The love of literature, of language, of the mystery of the mind and heart showing themselves in the minute,
Maria Headley
Devastating novel of academia, unfulfilled hope, and a life not-entirely-lived. Gorgeous writing, heartbreaking plot, and if you're a fan, as I tend to be, of stories set in the dark halls of libraries and universities, this is one to read. The love story within this book is suddenly out-of-nowhere rapturous, and the marriage is brittle, delicate, insensible and perfectly done. The book feels so modern, though the bulk of the action is set in the 30's and 40's. I kept stopping to check that this ...more
After 63 pages: “Stunned by Stoner. This is agonisingly wonderful.”

At the end: “Finished. Him and me. Exquisite but exhausted.”
Then I immediately started rereading - something I have only previously done with children’s picture books.

It is, without question, my joint favourite book ever. (Titus Groan/Gormenghast is the other, in a very different way.) For that reason, I’ve really struggled with this review: it’s hard to explain its mesmerising power in a way that does it justice. In a departure
Life happens to Stoner, John Williams' unforgettable character in the 1965 novel that has burned into my reading soul. The situations, disappointments and outcomes in his life left me frustrated with Stoner's inability to contemplate and then sometimes avoid his existential angst. Would he be defeated in life by his passiveness? But more importantly, how does he deal with the blows repeatedly dwelt him?

Through this seemingly pedestrian life, Williams paints the Everyman. I was reading about all
“Most men lead lives of quiet desperation and go to the grave with the song still in them.” - Henry David Thoreau

The triumph of this work lies in its self-effacing world-weariness, its tone of indifference even to the prospective reader's concerns. In the manner of the protagonist's iron stoicism in the face of misfortune and persecution, the narrative revels in its own lacklustreness, its state of diffused melancholy.

William Stoner, first student and eventually English professor at (fictiona
The US does not have sadness on its agenda. Its psyche is a constant concern with happiness, fulfillment, the American Dream and the way to this god given of all rights. Never has the isolated country been brought to its knees. Never has the culture and creed and thought of civilization of the American people been forced to view sadness as something other than an error to be fixed. Sadness is the result of tragedy, grief, a lightning strike catastrophe that time will heal. Naturally.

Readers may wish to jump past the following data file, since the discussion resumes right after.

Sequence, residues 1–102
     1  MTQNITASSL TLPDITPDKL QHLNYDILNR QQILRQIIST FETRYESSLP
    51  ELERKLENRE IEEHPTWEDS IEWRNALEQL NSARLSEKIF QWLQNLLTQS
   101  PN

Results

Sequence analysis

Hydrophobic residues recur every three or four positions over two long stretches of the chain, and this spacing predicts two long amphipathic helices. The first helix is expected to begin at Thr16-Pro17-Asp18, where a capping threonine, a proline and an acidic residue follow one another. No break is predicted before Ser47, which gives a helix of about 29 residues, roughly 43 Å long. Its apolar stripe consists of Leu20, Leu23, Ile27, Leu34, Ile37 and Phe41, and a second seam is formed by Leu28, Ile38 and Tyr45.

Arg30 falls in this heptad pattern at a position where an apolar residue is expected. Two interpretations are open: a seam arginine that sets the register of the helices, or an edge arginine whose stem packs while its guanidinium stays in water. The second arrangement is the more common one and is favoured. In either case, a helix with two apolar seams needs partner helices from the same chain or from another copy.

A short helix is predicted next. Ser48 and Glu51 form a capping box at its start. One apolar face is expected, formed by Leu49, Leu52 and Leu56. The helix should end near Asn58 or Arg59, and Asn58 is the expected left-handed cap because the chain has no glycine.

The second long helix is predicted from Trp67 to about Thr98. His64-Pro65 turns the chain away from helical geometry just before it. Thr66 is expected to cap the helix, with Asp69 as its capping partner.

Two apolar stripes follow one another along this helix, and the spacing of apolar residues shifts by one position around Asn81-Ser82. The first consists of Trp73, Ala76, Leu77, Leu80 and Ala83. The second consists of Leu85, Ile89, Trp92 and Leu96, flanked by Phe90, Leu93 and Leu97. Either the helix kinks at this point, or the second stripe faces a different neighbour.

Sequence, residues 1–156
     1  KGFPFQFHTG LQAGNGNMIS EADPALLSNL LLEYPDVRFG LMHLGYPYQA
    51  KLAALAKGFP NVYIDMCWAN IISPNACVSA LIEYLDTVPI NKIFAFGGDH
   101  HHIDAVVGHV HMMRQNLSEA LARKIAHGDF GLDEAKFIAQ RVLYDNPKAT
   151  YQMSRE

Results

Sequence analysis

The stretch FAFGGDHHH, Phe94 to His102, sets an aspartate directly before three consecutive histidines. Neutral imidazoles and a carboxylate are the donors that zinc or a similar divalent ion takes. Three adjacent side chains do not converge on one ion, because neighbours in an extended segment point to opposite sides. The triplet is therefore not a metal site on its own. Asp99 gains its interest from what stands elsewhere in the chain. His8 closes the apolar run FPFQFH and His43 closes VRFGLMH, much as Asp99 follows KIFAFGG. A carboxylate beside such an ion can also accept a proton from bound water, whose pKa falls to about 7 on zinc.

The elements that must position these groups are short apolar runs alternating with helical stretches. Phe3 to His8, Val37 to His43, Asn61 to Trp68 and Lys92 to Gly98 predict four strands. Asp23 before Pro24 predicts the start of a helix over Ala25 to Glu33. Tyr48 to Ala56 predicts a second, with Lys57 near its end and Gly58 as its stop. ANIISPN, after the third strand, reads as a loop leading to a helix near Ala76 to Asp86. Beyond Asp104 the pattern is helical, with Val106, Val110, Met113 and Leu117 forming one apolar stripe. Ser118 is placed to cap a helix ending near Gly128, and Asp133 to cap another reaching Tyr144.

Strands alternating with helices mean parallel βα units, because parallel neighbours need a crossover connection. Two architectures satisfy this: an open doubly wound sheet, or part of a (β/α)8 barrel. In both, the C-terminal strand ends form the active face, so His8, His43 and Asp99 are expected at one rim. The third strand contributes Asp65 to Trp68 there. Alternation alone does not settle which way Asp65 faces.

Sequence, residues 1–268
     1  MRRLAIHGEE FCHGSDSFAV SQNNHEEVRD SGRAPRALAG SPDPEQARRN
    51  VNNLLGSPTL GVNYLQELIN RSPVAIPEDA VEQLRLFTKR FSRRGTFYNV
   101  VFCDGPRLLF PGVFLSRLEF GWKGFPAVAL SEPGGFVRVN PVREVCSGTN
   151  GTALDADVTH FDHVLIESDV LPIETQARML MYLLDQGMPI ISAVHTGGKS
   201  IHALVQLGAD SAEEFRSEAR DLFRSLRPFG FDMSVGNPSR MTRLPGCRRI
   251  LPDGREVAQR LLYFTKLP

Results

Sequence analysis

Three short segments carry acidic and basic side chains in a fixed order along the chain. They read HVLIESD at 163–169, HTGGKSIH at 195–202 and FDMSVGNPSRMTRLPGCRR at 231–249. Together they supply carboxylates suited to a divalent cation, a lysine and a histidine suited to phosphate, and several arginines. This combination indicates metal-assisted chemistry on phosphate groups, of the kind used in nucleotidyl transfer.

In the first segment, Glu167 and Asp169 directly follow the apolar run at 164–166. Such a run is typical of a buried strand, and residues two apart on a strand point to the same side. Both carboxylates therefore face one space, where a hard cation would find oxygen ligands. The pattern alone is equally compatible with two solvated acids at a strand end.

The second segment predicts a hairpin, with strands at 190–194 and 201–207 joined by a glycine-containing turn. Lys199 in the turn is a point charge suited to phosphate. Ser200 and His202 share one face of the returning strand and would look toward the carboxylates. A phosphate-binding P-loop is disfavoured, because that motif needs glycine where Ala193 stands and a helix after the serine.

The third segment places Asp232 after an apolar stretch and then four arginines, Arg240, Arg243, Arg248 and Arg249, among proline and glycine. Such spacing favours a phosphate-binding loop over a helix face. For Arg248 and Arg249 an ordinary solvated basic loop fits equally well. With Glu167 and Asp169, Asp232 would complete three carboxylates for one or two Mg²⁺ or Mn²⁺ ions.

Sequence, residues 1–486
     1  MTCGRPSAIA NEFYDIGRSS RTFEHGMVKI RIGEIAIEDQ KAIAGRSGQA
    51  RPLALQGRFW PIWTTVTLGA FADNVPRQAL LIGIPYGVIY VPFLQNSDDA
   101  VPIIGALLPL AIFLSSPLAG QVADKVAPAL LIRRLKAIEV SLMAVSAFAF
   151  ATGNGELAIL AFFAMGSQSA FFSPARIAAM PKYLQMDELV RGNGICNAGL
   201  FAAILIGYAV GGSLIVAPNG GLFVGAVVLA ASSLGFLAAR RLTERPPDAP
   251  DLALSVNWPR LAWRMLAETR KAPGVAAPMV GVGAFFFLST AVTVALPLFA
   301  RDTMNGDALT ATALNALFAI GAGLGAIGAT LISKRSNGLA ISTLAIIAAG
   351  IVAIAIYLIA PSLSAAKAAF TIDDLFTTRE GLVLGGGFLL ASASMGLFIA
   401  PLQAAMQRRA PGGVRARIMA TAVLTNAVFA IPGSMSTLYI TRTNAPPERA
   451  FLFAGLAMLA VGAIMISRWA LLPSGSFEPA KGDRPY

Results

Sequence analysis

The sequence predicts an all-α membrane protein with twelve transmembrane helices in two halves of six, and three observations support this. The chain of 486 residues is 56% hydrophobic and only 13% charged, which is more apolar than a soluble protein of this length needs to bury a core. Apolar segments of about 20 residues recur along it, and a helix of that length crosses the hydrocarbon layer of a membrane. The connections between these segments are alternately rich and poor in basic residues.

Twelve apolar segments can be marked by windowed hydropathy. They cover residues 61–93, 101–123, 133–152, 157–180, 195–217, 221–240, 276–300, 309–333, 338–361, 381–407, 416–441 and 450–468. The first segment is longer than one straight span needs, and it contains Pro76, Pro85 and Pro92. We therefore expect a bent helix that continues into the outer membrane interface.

America, you
This book is surprising, not so much for any plot twists or odd behavior, but for how we come to regard an overtly unremarkable man as interesting and likable. William Stoner was the only child at his family’s farm in Missouri, with a work-to-play ratio that was high even by turn-of-the-last-century standards. When he came of age, his father sat him down and explained in about two minutes’ time how he thought it best to send his son to college to study modern agriculture. It was the longest Ston ...more
Jun 12, 2008 S. rated it 5 of 5 stars
Recommends it for: Ellen
I didn't find this as sad or sorrowful as it’s often said to be. For me it’s about how the inner life redeems the outer, how a satisfying life of the mind makes the rest of life bearable. In that way, despite all the protagonist’s misfortune, I found Stoner an affirmative and even uplifting book.

May I add what an incredibly handsome paperback it is? The cover portrait by Thomas Eakins is gorgeous and perfect, grave and balanced.

I should give it five stars. I will.
Reading "Stoner" gave me another one of those parallel universe experiences. In the goodreads universe, where everyone else lives, this is apparently a much loved and lauded book. Heck, those good folks at the New York Review of Books tell us it's a classic. And has this to say about the main protagonist:

William Stoner emerges from it not only as an archetypal American, but as an unlikely existential hero, standing, like a figure in a painting by Edward Hopper, in stark relief against an unforg

The conclusion of this novel becomes apparent at the outset only and that probably attests the comedy as well as the modest tragedy of William Stoner’s life- a relentless irony coupled with utter predictability. I liked Stoner, the book and sympathized with Stoner, the character but a quandary is what I found myself in and it led me to an odd line of thinking. Somewhere around chapter 5 of the book, I became a disinterested reader, a role I hate to perform but went with it nevertheless like a re